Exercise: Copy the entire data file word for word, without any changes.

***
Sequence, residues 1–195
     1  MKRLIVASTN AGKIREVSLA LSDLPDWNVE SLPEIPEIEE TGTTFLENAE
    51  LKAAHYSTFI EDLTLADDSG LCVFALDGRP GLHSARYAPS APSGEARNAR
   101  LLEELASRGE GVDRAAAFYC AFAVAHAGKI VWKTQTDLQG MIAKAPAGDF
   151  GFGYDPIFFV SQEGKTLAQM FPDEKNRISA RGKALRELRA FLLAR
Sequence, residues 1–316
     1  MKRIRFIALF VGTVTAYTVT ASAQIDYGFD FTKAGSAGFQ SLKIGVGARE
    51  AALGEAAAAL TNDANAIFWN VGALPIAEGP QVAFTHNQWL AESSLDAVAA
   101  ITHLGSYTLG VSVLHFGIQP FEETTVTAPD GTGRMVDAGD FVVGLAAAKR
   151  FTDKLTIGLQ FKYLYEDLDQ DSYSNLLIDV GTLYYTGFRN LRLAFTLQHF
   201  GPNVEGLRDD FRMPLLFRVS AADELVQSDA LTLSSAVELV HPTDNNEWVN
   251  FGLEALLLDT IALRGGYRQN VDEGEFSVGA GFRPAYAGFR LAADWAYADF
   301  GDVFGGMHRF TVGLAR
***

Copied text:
Sequence, residues 1–195
     1  MKRLIVASTN AGKIREVSLA LSDLPDWNVE SLPEIPEIEE TGTTFLENAE
    51  LKAAHYSTFI EDLTLADDSG LCVFALDGRP GLHSARYAPS APSGEARNAR
   101  LLEELASRGE GVDRAAAFYC AFAVAHAGKI VWKTQTDLQG MIAKAPAGDF
   151  GFGYDPIFFV SQEGKTLAQM FPDEKNRISA RGKALRELRA FLLAR
Sequence, residues 1–316
     1  MKRIRFIALF VGTVTAYTVT ASAQIDYGFD FTKAGSAGFQ SLKIGVGARE
    51  AALGEAAAAL TNDANAIFWN VGALPIAEGP QVAFTHNQWL AESSLDAVAA
   101  ITHLGSYTLG VSVLHFGIQP FEETTVTAPD GTGRMVDAGD FVVGLAAAKR
   151  FTDKLTIGLQ FKYLYEDLDQ DSYSNLLIDV GTLYYTGFRN LRLAFTLQHF
   201  GPNVEGLRDD FRMPLLFRVS AADELVQSDA LTLSSAVELV HPTDNNEWVN
   251  FGLEALLLDT IALRGGYRQN VDEGEFSVGA GFRPAYAGFR LAADWAYADF
   301  GDVFGGMHRF TVGLAR